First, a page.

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Tuesday, August 30, 2005

In the End, We All Must Walk Alone

The Purpose of Religion
by Lama Thubten Yeshe

Thus, the only purpose for the existence of what we call religion is for us to understand the nature of our own psyche, our own mind, our own feelings. Whatever name we give to our spiritual path, the most important thing is that we get to know our own experiences, our own feelings. Therefore, the lamas' experience of Buddhism is that instead of emphasizing belief, it places prime importance on personal experimentation, putting Dharma methods into action and assessing the effect they have on our minds: do these methods help? Have our minds changed or are they just as uncontrolled as they ever were? This is Buddhism, and this method of checking the mind is called meditation.

It's an individual thing; you can't generalize. It all comes down to personal understanding, personal experience. If your path is not providing solutions to your problems, answers to your questions, satisfaction to your mind, you must check up. Perhaps there's something wrong with your point of view, your understanding. You can't necessarily conclude that there's something wrong with your religion just because you tried it and it didn't work. Different individuals have their own ideas, views, and understanding of religion, and can make mistakes. Therefore, make sure that the way you understand your religion's ideas and methods is correct. If you make the right effort on the basis of right understanding, you will experience deep inner satisfaction. Thus, you'll prove to yourself that satisfaction does not depend on anything external. True satisfaction comes from the mind.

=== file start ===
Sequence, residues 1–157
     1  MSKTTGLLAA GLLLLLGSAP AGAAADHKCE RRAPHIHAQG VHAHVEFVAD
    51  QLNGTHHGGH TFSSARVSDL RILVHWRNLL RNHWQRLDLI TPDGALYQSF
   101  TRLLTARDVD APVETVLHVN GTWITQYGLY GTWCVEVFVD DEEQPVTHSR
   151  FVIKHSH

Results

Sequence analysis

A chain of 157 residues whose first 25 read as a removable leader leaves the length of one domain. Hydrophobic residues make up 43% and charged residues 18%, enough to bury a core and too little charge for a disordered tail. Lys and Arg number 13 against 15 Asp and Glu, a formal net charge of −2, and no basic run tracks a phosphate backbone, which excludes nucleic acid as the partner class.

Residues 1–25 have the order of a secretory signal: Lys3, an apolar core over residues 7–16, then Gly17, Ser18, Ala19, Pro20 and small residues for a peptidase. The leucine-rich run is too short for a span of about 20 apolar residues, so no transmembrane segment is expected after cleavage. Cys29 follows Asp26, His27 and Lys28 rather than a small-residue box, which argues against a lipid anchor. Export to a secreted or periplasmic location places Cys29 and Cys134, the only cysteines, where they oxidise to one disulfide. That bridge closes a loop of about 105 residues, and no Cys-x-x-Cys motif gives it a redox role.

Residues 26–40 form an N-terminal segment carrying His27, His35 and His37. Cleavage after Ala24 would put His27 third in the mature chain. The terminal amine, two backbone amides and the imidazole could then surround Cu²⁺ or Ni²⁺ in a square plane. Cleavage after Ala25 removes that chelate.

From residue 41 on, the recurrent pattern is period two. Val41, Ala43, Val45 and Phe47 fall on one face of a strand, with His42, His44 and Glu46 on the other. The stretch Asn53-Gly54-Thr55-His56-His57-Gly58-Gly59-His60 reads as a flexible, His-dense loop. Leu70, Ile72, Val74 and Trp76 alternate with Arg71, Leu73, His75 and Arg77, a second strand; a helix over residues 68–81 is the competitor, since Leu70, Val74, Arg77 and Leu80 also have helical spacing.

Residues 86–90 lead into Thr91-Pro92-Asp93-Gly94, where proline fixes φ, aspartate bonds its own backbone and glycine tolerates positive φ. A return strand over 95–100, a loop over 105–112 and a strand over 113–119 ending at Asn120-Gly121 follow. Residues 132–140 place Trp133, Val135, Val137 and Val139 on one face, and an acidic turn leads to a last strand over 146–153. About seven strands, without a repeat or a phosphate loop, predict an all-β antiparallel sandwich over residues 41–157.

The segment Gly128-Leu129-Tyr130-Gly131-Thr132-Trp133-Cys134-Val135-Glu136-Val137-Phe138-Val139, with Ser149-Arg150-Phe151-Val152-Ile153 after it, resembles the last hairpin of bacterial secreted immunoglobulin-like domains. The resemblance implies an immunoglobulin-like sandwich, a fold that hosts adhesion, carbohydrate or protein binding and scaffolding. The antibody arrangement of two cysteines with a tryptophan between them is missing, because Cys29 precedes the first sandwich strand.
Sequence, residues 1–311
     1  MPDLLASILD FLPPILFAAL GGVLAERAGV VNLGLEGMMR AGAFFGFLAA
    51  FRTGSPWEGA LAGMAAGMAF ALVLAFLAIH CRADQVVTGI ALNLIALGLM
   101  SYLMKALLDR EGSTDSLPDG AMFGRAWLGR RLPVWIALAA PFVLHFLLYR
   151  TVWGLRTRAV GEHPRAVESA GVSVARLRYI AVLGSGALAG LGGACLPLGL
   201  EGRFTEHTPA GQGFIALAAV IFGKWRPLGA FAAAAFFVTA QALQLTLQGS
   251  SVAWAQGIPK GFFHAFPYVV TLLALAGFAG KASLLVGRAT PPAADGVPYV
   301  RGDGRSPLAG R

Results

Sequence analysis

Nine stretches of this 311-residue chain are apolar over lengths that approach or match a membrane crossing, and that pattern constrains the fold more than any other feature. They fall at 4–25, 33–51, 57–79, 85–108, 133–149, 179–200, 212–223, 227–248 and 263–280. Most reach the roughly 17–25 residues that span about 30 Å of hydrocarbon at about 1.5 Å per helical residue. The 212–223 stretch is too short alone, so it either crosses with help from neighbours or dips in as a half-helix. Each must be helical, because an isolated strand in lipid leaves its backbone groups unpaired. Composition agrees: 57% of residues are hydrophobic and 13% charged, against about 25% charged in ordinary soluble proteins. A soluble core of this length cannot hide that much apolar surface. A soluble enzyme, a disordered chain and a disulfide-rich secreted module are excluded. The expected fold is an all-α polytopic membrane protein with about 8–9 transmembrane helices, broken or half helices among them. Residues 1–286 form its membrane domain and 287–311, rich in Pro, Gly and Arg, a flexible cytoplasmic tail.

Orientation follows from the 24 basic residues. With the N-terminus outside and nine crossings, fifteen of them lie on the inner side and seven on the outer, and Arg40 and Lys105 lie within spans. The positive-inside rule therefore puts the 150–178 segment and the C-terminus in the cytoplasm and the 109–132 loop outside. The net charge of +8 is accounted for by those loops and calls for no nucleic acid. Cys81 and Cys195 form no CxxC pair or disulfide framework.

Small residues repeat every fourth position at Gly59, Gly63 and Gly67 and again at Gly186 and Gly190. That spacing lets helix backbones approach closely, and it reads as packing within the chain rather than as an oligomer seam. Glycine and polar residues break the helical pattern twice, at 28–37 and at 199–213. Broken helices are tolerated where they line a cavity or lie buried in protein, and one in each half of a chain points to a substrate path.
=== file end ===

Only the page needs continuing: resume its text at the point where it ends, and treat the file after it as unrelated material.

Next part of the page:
James's comment: I have heard before that one difference between Christianity and Buddhism is in Buddhism we are responsible for our own "salvation." I really like the bits in this quote that talk of personal experience and practice. This is the true path of Buddhism. No one can tell you what to do, you have to experience it for yourself for it to lead to true mindfulness and liberation (in my opinion).

-Peace to all beings-

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Beth said...

you always post such great stuff! thanks.

"James" said...

haiku: thanks!! I learn a lot from my own blog (grin). Peace to you.

Ken said...

Dear Sir,
I juat came upon your blog and I have found very informative and enlightening material.
I am fairly new to budhism and wante to know if you have an answer to the smirk on the face of the Buddha.

"James" said...


I think it is meant to be seen simply as a peaceful, soft smile. :)

Joan D.Healy said...

In my 82 years (later 3rd as Aen Buddhist) I apppreciate my/the mind--when I recognize its total delusion! Then PEACE!

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